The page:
Nonetheless, Blue Jasmine is spectacular filmmaking. Blanchett’s Jasmine is a clenched-jaw Manhattan socialite whose house-of-cards world collapses around her when her philandering, conniving Bernie Madoff-esque husband (a pleasantly subdued Alec Baldwin) commits suicide after being indicted for fraud. Jasmine moves into her sister’s shabby digs in San Francisco to reclaim some semblance of her former life (and her soul). Sally Hawkins is phenomenal as the trashy heart-of-gold sisterly counterpoint to Blanchett’s frayed-nerves pretension.

The film tracks back and forth between Blanchett’s current circumstances and the heartaches in the past that brought her there. Allen and Blanchett make a stellar team, giving us a wry, raw, and visceral treatise on gender politics and social warfare. Jasmine learns the hard way that money (and Xanax and vodka martinis) can’t buy happiness and that revenge (while sometimes essential) brings its own kind of karmic blowback.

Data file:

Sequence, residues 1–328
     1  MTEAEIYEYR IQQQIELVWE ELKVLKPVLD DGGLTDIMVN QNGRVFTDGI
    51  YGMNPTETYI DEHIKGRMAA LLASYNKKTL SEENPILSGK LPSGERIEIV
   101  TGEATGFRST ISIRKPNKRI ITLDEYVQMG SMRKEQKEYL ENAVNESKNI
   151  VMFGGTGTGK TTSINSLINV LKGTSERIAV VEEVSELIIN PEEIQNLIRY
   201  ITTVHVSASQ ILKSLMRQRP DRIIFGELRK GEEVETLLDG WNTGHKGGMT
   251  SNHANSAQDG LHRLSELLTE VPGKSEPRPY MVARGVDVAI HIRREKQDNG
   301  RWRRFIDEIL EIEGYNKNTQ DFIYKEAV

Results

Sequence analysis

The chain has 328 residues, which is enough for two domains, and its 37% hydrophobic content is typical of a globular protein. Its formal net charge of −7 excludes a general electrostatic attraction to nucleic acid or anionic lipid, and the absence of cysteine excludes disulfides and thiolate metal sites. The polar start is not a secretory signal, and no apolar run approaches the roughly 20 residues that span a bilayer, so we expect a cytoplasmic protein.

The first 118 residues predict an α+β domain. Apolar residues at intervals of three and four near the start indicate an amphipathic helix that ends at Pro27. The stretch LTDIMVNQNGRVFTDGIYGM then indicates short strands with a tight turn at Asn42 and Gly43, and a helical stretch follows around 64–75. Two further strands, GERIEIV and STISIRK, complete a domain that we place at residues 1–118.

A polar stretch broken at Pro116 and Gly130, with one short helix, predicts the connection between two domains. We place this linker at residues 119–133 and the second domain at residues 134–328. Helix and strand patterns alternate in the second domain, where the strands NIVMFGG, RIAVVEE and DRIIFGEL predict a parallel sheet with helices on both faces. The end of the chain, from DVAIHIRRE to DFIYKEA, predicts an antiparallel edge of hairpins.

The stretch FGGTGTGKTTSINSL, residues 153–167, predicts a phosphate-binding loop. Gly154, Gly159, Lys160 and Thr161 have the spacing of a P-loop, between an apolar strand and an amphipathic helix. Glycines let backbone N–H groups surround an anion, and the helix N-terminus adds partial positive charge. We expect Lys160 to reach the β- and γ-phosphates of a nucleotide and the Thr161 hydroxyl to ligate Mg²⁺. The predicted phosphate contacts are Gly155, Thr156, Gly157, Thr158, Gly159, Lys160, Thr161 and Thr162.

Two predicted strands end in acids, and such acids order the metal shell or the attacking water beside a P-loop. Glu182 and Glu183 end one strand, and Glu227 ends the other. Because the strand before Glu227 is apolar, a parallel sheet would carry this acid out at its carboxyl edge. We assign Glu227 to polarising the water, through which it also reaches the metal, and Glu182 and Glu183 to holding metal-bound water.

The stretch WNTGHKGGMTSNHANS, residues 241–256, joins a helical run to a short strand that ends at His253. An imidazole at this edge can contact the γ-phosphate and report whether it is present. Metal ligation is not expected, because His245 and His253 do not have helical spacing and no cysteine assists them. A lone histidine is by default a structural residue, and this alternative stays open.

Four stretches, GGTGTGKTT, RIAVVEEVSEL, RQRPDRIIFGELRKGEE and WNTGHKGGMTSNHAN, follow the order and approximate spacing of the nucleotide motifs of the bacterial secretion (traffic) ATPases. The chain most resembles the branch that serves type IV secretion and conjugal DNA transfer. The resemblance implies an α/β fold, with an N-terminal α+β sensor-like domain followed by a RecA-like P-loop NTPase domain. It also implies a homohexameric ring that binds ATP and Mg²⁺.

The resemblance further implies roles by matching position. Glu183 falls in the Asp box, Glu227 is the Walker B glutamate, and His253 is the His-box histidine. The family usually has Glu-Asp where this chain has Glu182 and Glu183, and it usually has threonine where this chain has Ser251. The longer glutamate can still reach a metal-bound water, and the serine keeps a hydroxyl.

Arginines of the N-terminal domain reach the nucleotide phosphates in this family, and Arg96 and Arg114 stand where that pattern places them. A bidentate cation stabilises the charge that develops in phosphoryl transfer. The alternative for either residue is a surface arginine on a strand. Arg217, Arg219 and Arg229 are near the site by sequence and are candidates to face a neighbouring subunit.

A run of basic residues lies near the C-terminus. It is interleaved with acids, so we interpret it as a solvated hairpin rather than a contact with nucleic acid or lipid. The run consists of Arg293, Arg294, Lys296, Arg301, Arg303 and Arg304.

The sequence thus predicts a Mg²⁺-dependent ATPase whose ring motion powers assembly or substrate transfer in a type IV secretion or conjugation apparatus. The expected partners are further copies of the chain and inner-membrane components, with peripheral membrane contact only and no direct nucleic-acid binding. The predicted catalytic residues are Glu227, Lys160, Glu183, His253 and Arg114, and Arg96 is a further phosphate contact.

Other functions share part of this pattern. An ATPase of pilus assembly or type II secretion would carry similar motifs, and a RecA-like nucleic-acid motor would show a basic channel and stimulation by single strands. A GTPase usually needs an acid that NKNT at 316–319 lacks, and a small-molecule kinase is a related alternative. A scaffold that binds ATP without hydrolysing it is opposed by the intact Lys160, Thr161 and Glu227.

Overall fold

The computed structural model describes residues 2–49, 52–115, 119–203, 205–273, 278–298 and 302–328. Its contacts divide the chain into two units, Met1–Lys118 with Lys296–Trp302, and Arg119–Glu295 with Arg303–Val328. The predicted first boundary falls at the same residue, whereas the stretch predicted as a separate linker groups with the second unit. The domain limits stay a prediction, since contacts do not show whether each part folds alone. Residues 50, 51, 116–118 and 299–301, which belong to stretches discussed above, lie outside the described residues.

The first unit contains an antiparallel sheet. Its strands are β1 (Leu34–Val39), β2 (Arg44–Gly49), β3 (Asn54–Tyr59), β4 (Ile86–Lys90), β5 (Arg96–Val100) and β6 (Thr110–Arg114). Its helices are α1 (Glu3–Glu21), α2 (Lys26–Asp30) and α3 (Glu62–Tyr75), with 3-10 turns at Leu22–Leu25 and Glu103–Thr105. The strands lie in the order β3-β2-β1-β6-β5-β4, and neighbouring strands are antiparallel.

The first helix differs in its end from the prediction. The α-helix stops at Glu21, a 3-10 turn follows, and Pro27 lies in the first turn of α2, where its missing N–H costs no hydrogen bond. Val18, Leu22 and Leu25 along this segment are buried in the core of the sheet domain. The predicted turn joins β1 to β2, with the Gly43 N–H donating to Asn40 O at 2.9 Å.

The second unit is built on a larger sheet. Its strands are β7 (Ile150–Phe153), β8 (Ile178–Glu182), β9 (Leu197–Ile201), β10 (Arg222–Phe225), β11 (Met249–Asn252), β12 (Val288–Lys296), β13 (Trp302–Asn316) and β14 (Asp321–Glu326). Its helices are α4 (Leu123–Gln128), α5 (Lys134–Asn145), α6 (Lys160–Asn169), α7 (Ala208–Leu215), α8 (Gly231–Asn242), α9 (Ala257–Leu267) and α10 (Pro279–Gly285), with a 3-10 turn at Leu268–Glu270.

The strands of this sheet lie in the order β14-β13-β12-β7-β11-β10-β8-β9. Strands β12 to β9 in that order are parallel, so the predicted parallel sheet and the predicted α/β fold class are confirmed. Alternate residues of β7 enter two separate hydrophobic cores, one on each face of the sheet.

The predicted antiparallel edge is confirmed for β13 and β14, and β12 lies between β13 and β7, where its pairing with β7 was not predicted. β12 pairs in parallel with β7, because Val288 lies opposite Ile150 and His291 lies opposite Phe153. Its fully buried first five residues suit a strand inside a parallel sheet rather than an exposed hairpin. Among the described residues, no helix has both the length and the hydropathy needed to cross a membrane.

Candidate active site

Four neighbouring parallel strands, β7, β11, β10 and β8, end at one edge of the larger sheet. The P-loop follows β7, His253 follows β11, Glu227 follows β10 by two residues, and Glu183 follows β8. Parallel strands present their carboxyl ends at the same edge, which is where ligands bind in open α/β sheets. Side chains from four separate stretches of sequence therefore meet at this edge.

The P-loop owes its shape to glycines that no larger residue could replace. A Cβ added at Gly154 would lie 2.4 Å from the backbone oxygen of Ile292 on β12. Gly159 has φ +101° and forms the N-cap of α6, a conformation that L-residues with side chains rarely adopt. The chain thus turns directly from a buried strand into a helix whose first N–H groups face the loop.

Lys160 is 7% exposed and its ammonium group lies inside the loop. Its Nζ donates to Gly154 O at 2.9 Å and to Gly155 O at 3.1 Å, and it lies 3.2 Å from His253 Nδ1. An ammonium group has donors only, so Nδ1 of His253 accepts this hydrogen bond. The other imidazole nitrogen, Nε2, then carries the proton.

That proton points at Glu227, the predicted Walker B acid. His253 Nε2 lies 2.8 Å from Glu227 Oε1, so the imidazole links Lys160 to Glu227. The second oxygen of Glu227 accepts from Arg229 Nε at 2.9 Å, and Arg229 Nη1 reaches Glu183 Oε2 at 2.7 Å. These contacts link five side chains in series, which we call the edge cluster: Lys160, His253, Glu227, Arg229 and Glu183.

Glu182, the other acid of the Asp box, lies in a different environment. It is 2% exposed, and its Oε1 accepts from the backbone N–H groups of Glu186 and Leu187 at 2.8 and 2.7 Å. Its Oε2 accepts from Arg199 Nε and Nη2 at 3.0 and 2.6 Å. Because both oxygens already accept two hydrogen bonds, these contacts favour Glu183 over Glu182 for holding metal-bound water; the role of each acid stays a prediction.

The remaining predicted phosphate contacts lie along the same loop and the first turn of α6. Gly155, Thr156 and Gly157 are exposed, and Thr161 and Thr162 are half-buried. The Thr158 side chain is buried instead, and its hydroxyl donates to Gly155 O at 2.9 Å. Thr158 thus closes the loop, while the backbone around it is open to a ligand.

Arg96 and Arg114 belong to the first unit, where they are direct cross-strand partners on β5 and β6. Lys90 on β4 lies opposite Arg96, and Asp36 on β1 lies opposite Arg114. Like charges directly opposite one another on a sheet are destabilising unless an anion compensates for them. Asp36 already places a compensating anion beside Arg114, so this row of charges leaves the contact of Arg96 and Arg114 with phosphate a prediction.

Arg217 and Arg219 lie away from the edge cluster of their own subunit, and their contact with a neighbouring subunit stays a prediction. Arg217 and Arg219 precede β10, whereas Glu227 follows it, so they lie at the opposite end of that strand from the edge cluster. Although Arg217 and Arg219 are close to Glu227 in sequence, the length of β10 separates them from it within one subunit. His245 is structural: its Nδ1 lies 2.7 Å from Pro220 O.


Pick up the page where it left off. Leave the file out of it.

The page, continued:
Blanchett is a slow-burn supernova, bouncing corrosively off a stellar supporting cast that includes Bobby Cannavale as a comically emo Stanley Kowalski, Peter Sarsgaard as a twee Kennedy-wannabe, and Andrew Dice Clay (!) as Hawkins’ thuggishly wounded ex. But the movie is at all times Blanchett’s. She walks a phenomenal high-wire act, balancing heartbreak, disappointment, betrayal, arrogance, and abject fear, sometimes in a single line delivery. Hers is a performance for the record books, personifying our era’s raw neuroses, economic desperation, emotional materialism, and chemically induced numbness.

I think I’ll take Blanchett navigating a rotten life over Bullock navigating a collapsing space station any day…though both actors fabulously turn the tired cliche of the “damsel in distress” on its tired, simplistic, reductive noggin.